From elementary school drawings to Tallgrass Film Festival poster contest winner

Courtesy photo by Austin Storie

Elementary teachers encouraging young Austin Storie to continue to pursue art, leads him to winning the appraisal of Tallgrass Film Festival director Mirra Bank with his contest-winning poster designed for the film. 

Storie, a WSU senior and Ulrich Museum student employee, grew up north of St. Louis, Missouri, but has now lived in Kansas for the past six years. Currently, Storie is working towards his bachelor’s of fine arts in studio arts with a concentration in applied drawings.

Before elementary school, Storie didn’t have a lot of interest in the arts. However,  Storie’s interest sparked after few of his teachers encouraged him to look into art after seeing his potential.

“That interest later grew into a true passion for all types of visual communication, and I haven’t really looked back since,” Storie said.

Since pursuing his art career, he recently won the Ulrich Museums contest in November for the college division of the Tallgrass Film Festival poster contest with a designed poster for the film No Fear No Favor by Mirra Bank. 

Austin Storie recently won the Tallgrass Film Festival poster contest for the film “No Fear No Favor” by Mirra Bank. (Illustration by Austin Storie )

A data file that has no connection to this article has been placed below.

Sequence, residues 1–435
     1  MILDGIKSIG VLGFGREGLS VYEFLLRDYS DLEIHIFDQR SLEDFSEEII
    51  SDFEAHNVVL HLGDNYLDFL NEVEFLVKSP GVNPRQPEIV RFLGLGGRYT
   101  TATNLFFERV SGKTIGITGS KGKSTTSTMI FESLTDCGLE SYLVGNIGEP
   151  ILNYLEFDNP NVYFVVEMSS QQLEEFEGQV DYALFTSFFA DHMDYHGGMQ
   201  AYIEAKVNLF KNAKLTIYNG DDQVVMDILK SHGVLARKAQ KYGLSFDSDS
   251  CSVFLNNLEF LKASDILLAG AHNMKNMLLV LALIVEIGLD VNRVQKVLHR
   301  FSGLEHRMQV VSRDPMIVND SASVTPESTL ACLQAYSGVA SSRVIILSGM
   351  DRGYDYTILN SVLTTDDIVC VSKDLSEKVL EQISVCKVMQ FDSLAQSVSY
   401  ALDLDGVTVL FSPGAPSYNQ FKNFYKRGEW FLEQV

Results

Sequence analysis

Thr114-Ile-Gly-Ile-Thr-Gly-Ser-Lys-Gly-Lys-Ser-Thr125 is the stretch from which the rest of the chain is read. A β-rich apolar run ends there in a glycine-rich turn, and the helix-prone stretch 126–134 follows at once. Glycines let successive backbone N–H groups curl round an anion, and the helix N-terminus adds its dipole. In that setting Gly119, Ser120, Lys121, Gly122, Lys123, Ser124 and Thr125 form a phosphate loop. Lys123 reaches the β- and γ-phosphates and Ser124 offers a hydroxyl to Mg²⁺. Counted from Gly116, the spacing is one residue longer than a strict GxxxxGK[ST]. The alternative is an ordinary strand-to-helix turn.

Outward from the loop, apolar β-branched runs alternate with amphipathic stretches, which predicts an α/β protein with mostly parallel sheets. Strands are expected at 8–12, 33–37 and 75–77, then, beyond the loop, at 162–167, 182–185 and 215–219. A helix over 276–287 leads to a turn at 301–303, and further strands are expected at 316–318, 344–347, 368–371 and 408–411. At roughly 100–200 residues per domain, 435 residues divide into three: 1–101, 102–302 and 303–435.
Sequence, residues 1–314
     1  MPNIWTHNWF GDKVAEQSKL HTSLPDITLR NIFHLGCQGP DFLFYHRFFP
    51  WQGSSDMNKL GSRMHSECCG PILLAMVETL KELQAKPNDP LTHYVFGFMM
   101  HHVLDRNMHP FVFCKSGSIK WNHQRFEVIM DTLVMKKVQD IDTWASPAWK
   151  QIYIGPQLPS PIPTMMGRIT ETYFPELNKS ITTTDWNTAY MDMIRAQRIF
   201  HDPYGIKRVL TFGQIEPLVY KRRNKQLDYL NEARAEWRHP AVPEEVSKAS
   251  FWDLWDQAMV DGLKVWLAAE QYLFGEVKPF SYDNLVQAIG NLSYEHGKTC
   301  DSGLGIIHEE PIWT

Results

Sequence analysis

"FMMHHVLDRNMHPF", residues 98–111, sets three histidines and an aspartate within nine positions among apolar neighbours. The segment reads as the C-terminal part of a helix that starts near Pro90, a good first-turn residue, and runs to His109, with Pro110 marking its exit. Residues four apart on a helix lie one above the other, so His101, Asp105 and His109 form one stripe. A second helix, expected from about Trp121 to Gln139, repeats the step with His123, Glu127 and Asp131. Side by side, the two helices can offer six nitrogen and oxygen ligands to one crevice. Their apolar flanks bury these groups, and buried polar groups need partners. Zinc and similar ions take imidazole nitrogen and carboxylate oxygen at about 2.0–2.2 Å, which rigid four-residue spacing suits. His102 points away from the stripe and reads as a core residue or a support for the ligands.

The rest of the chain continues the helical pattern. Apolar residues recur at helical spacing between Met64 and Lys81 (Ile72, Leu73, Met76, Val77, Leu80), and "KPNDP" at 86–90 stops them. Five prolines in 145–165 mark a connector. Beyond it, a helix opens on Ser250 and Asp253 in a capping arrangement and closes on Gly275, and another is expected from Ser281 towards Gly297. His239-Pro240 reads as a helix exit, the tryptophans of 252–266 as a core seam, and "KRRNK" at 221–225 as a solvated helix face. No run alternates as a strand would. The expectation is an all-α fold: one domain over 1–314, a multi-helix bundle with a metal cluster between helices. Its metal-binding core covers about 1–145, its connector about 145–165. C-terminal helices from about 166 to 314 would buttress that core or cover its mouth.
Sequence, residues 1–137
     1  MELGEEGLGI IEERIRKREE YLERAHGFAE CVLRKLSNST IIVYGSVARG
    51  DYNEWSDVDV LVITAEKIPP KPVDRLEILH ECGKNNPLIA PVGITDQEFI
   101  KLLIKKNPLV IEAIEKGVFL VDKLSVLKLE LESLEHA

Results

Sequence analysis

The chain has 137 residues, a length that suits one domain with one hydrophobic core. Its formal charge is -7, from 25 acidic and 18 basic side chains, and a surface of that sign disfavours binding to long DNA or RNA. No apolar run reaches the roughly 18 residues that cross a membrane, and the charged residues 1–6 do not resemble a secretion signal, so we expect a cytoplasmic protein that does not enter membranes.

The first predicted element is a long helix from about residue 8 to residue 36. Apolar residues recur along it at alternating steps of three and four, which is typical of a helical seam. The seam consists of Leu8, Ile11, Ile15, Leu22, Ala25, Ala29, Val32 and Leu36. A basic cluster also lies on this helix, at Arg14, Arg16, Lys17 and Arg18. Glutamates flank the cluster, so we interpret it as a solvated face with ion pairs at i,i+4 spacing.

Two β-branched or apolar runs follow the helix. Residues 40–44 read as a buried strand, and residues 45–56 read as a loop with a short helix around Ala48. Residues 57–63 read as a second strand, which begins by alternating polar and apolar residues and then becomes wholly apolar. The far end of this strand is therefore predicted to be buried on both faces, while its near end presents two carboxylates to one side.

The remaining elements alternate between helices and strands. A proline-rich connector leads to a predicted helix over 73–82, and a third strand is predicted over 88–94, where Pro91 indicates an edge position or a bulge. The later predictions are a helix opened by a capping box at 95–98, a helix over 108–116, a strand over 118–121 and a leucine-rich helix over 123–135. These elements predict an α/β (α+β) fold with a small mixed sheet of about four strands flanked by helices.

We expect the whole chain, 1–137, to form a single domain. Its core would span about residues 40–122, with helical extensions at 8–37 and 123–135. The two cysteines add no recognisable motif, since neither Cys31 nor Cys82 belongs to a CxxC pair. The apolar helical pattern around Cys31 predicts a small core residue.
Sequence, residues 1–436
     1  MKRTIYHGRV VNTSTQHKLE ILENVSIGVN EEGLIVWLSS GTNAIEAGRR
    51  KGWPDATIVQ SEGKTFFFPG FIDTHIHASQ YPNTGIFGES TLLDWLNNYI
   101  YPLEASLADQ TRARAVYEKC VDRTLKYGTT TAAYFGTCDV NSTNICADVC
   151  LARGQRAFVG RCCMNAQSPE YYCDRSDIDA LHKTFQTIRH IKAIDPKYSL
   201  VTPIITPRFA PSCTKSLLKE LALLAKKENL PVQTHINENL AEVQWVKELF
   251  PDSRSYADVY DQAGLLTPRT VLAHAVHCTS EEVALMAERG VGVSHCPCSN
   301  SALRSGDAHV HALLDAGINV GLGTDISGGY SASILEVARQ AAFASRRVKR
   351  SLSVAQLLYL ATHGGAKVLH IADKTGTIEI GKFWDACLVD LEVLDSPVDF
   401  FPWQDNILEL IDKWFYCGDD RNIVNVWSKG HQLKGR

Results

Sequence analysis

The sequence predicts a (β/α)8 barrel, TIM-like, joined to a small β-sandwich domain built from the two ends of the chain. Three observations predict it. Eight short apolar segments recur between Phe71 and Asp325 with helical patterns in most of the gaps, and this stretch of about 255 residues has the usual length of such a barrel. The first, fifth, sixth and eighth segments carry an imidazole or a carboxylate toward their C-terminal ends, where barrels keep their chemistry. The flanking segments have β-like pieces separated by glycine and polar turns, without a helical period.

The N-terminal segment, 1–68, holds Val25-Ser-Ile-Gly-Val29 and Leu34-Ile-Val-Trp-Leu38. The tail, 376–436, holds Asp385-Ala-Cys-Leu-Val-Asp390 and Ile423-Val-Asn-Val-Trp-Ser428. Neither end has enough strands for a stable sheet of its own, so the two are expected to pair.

When he found out that he placed in the contest, Storie said he was arrogantly confident that he could handle the challenge and was excited for the opportunity and research that came with the project.

Leading up to the contest was great. When I heard the news that it was taking place my first thought, while it knowingly seems arrogant, was, ‘I can win this if I really think smart.’,” Storie said.  “I’m very lucky that the research phase leading up to the submission of work for these types of contests is very fun for me to work through. So I was feeling pretty confident even in the early stages.”

The film No Fear No Favor depicts the choices that the African communities have to make to protect their land’s wildlife heritage against the illegal trading that happens frequently.  A large part of the documentary focuses on the illegal ivory hunting of African elephants. 

“Basing my composition around an African elephant rendered in graphite, I recreated its tusks using scans I took of my own fingers printed in ink,” Storie said. “I made this specific decision to connect viewers with the idea that humans have an active role in the degradation, but also restoration, of wildlife species. After making a few minor adjustments, I felt that what I created was conceptually and visually strong enough to put into the contest.” 

Storie was presented with a prize of $100 and two all-access passes to the film festival. Storie said the best prize he got from the competition was the positive feedback from the film director as well as approval from other designers and visual artists. 

“I had a fantastic experience with the contest. Getting the stamp of approval by designers and visual artists that I respect greatly was such a validating experience,” Storie said. “I think the most memorable portion was hearing such positive feedback from the Mirra Bank, the film’s director. Knowing that she was so receptive of the concept and how I chose to visually represent that was worth its weight in gold.”

Storie has many other illustrations and artwork online on Instagram. Posting many varieties of art such as object illustrations, album redesign artwork and portrait illustrations.